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oa Business Management Review - Business formalization procedures and the growth of micro and small enterprises: the case of Dar Es Salaam city in Tanzania

Volume 8, Issue 1
  • ISSN : 0856-2253

 

Abstract

The role of micro and small enterprises (MSEs) today as a generator of jobs and a source of income for the large part of the population is now taken as given. However the legal and administrative procedures in the formalization process of the small business sector are limiting the potential contribution of the sector, in that they hinder their growth. A total of 50 business operators were interviewed in a sample survey in Dar es Salaam to establish the legal and administrative procedures to the start up and functioning of MSEs in Tanzania. For the sole proprietors in the trade and service sector, the formalization procedures to business entry entail costs that account to more than ninety percent of the average start up capital. That means a sole proprietor that manages to raise a start up capital of Tshs. 1,000,000 would require an additional of Tshs. 900,000 to meet all the business entry requirements to become formal. The costs include the license fees, registration expenses, expert costs, provisional income taxes, stamp duty, local government levies, and other associated costs in terms of time spent in the application and follow up processes. The time a small business owner spends in the pursuit of the formalization process is enormous. 1t was found that a business operator spends an average of 18 days for registration of a business name, while the time spent for name registration for a company is 15 days on average, , but with the help of a lawyer. 1f the time to process license through all the involved office is included it takes a business operator a total of 55 days to get the business formalized and qualify for growth facilitating factors such as credit facilities from the formal sector or premises in government/municipal land. For companies it was found that in addition to the business entry costs they would require an additional of Tshs. 916,000 to stay formal and this is apart from income tax and other charges like labor related costs. The study finally revealed that there is no relationship between the average size of the firm capital and the formalization costs. Micro firms and small firms were grouped together for income tax purposes and other fees, including municipal fees. This explains why many MSEs prefer to remain small or to grow laterally by opening up 0ther small un-related businesses so as to a void the cost of becoming visible. The above observations show that the regulatory framework constituting of the legal and administrative procedures to formalization of business form one of the major barriers to the growth and creation of MSEs in the country. There is therefore a need to review or overhaul all the legal and administrative systems that hamper the sector so that its contribution to the economy may be realized.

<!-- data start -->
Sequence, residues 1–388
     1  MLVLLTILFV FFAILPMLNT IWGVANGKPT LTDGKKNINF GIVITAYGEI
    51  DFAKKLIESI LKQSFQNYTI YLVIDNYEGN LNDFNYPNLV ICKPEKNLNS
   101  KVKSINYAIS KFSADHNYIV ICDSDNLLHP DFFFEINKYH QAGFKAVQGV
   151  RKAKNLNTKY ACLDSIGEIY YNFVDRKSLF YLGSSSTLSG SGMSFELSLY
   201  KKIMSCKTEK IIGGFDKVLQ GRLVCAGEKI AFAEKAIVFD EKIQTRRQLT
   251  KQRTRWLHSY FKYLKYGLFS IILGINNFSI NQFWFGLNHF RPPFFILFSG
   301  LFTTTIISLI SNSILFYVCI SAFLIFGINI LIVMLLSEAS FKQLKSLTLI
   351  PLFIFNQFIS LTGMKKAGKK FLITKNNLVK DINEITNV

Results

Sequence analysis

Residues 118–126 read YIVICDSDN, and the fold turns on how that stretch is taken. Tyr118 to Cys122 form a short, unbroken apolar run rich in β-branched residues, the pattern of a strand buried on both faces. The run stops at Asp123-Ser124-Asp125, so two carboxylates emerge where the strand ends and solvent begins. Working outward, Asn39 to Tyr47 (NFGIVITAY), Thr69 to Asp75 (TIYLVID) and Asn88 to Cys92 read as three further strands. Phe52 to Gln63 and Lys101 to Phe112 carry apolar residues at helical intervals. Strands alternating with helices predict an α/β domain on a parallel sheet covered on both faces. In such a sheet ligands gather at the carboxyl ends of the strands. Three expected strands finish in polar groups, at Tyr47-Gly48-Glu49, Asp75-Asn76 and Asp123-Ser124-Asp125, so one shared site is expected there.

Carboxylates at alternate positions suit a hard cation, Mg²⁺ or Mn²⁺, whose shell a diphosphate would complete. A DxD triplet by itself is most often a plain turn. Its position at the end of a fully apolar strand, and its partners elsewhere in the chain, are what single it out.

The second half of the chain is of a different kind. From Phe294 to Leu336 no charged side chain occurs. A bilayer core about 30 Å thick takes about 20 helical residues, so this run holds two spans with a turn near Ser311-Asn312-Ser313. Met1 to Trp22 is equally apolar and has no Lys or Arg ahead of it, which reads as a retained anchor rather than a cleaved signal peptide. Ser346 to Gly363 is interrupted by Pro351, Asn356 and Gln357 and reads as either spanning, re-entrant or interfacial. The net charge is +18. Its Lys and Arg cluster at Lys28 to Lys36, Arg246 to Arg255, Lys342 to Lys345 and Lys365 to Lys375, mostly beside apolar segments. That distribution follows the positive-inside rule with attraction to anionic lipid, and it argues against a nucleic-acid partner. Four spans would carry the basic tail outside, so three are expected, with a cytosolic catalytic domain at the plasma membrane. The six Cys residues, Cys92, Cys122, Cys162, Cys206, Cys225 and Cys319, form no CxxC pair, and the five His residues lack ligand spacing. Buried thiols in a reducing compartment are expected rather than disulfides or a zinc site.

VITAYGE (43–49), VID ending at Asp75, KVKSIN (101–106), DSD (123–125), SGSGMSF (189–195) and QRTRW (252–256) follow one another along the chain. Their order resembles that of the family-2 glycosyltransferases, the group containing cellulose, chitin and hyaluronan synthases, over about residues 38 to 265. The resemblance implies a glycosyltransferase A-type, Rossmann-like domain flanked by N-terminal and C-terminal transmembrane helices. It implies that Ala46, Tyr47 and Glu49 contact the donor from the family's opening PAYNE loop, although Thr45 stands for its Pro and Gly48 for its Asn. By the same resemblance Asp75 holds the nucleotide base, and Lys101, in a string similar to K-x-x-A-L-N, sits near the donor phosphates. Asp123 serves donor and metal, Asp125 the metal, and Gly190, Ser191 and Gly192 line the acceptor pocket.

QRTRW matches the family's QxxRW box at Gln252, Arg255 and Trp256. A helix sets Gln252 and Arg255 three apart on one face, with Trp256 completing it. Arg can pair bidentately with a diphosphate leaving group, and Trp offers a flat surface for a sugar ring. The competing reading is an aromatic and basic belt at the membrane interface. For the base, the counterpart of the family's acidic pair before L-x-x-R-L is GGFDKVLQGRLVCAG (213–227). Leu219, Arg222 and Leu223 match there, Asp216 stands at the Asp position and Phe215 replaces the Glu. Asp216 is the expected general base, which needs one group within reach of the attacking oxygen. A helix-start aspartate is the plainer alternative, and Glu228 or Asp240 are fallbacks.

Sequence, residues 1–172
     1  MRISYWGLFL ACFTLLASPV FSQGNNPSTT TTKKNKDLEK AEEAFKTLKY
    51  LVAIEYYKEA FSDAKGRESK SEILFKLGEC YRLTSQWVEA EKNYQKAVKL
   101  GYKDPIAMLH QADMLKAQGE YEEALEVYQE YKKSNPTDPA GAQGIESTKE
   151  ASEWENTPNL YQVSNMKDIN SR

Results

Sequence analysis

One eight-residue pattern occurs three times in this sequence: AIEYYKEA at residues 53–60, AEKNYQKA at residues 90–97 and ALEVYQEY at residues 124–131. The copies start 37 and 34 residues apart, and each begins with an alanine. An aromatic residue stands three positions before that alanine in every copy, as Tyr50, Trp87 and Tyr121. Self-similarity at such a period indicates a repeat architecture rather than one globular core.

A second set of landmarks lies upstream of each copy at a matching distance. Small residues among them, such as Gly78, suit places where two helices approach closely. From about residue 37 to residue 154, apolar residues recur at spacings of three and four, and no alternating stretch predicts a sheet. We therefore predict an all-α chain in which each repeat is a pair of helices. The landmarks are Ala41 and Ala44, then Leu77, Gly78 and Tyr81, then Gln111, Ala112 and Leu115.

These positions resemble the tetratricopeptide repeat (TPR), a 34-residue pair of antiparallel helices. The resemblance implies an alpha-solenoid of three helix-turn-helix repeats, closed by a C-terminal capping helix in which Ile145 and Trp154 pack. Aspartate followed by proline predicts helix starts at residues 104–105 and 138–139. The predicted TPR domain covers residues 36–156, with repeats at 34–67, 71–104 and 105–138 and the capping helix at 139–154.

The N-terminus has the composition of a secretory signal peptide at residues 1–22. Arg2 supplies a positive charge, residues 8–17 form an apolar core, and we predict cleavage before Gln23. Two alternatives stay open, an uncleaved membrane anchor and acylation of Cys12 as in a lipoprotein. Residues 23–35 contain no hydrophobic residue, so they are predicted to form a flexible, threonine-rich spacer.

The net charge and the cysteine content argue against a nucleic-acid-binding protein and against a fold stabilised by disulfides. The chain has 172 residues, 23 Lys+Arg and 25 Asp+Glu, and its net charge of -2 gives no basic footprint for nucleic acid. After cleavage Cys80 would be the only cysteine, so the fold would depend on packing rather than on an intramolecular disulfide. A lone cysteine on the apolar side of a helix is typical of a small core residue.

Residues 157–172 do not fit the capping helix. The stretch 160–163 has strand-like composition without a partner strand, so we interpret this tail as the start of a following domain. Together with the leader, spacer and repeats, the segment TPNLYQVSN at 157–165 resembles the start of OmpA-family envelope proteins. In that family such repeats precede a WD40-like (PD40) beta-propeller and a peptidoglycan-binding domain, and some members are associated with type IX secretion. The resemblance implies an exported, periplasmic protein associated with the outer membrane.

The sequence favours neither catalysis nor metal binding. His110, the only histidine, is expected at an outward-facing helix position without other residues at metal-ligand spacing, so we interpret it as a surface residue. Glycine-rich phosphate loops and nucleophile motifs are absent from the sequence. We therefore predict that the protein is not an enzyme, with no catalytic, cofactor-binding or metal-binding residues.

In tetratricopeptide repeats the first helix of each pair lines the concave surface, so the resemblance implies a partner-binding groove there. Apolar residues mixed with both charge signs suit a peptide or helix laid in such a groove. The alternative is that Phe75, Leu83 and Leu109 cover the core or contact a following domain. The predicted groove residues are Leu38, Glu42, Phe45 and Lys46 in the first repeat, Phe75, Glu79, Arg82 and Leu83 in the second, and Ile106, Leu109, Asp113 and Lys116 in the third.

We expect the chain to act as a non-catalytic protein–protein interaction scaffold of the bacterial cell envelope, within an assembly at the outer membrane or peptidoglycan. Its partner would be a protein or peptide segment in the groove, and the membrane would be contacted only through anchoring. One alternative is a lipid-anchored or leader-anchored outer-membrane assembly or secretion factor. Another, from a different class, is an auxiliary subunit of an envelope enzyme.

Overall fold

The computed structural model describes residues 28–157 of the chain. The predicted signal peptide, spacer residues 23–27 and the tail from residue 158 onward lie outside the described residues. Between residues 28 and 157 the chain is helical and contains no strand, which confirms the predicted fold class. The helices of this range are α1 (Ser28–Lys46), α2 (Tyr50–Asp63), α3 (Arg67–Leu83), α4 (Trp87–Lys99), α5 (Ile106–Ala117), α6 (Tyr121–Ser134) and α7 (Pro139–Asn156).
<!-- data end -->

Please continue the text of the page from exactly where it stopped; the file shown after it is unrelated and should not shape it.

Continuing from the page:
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/content/bmr/8/1/AJA08562253_48
2002-01-01
2019-10-18

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